So again: the way to produce the fruit of the Spirit is not so much by focusing on the fruit (trying harder to be more loving, trying harder to be more patient). This may be why Paul doesn’t use the same phrase as he did to describe the sins in verses 19-21; describing those sins as “works of the flesh.” We don’t read here of the “works of the Spirit.” The fruit of the Spirit are not “works.” He does not say “works of the Spirit.” He doesn’t call them that. He simply says, “fruit (singular) of the Spirit.” So we don’t focus so much on the fruit, as to focus on the root. Look to Christ! He’s your lifeline. Walk in the Spirit and you will bear fruit! All of it. All nine manifestations of it given in verses 22-23.
Incidentally, this is one reason I think the word “fruit” is singular in number. There’s a unity of the fruit. It’s not “fruits” of the Spirit, but “fruit” of the Spirit.
You can’t really have one virtue and not another when you walk in the Spirit. If you are walking by the Spirit, you will bear all the fruit. For example, Jesus said in 1 John 4:20, “If someone says, “I love God,” and hates his brother, he is a liar…”
So we cannot really love one person and not another, or say we just love God and not love our brother or sister. There is a unity of the fruit. Our love is not fractioned. When we walk in the Spirit, our love is not splintered so that we love only some and not others. When we walk in the Spirit, we will love comprehensively and we will love consistently—and—in addition to our love, we will also be patient, joyful, kind and so on. Fruit. Singular. One fruit. Many characteristics.
Now, sometimes we may look like we’re living in the Spirit, when we’re not. Both Christians and non-Christians can act morally upright at times and when we are, we are merely acting in ways—broken ways—that benefit ourselves or benefit others, and may even make us feel good at times, but this is not the same thing as walking in the Spirit.
You know that fake fruit, plastic fruit, or ceramic fruit we sometimes see on centerpieces? Like a bowl with plastic fruit in it? When I was small, my mother had a big bowl of this plastic fruit on the kitchen table. My sister and I used to pull of the little rubbery plastic grapes of the fake grape vine and fill them with water and squeeze them and shoot streams of water at each other.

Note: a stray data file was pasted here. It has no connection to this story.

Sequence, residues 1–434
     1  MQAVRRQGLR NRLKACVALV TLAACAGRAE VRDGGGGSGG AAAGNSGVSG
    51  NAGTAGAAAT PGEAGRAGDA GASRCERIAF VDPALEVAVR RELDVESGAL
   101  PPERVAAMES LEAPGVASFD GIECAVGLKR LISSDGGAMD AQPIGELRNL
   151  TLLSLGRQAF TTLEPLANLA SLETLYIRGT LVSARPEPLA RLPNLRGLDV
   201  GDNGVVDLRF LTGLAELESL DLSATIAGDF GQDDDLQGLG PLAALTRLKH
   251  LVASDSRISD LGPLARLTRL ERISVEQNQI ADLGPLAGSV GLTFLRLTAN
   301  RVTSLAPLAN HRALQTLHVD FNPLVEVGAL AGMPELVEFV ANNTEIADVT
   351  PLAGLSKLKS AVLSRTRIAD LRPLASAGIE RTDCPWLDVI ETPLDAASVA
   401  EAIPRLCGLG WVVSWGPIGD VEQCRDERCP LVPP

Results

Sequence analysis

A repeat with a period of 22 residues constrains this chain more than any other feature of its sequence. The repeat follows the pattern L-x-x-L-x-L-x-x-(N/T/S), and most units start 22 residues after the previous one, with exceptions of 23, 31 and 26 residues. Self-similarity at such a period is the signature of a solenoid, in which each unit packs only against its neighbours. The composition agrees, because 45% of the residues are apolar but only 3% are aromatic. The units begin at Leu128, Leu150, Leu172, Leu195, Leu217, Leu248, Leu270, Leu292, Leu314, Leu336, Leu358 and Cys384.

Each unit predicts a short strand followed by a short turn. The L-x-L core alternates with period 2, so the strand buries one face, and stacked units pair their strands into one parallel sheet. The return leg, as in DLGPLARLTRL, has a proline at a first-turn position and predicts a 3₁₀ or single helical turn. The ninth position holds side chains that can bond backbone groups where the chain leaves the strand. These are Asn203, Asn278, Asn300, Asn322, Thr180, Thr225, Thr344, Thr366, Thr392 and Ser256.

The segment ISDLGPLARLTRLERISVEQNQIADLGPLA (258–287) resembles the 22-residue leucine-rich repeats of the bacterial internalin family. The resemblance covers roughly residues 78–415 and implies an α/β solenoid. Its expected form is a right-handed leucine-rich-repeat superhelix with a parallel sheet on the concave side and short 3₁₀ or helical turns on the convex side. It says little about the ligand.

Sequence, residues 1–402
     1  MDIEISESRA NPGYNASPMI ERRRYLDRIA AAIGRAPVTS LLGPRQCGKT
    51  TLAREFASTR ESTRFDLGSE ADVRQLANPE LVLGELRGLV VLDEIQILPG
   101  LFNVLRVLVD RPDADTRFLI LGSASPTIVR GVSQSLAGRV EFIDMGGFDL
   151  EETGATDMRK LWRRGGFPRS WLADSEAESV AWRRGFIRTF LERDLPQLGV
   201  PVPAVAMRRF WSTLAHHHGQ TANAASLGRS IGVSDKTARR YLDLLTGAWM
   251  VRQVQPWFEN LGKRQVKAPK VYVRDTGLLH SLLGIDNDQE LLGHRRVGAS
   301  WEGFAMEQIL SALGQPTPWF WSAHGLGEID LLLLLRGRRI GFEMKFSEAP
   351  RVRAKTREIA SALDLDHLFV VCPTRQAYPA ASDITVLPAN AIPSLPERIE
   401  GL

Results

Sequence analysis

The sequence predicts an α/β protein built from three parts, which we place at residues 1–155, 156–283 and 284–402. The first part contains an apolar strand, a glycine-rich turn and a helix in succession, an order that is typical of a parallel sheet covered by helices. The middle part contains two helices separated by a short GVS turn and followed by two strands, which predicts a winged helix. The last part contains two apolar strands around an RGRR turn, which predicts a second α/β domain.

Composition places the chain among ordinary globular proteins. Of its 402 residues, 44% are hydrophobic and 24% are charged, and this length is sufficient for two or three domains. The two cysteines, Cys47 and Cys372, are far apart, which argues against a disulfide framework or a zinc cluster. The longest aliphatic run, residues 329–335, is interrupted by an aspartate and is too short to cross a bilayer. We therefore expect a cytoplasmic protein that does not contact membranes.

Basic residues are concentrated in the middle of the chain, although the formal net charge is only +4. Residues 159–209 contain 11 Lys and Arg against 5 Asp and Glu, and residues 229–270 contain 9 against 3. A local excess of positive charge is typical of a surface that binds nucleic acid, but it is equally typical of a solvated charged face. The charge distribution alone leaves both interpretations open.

Of course, my mother didn’t display that plastic fruit on the table for us to play with. Rather, it was to dress up the place, making it look like there was fresh fruit there. It was a pleasant sight and it always looked pretty good—but it wasn’t real fruit.
In a similar way, we may act, at times, in ways that look like we’re walking in the Spirit when we aren’t. Each of us has natural characteristics or aspects of our personalities, for example, that make us look like or even feel like we are being fruitful. But don’t mistake the plastic fruit for the real thing.
For example, if you are a bit of an introvert, you may look like you are at peace simply because you don’t like being around people. That’s not the fruit of the Spirit. You may be a very relational person, happily hanging out with friends every day. That doesn’t necessarily mean you are bearing fruit of the Spirit. You may just be a sanguine type of person, usually cheerful or optimistic.
The fruit of the Spirit is not something generated by personality types or self-effort. Walking in the Spirit leads to fruit of the Spirit and fruit of the Spirit is not plastic, but real. Fruit of the Spirit is unlike the fallen reflections found in the plastic fruit.